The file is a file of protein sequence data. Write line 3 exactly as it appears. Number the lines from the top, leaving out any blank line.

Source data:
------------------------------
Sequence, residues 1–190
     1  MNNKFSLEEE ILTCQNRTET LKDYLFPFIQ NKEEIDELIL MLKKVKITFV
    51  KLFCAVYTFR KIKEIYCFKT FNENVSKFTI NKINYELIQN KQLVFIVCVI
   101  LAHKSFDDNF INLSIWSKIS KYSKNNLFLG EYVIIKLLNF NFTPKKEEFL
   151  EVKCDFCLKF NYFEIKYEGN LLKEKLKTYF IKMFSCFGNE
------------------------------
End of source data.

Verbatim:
    51  KLFCAVYTFR KIKEIYCFKT FNENVSKFTI NKINYELIQN KQLVFIVCVI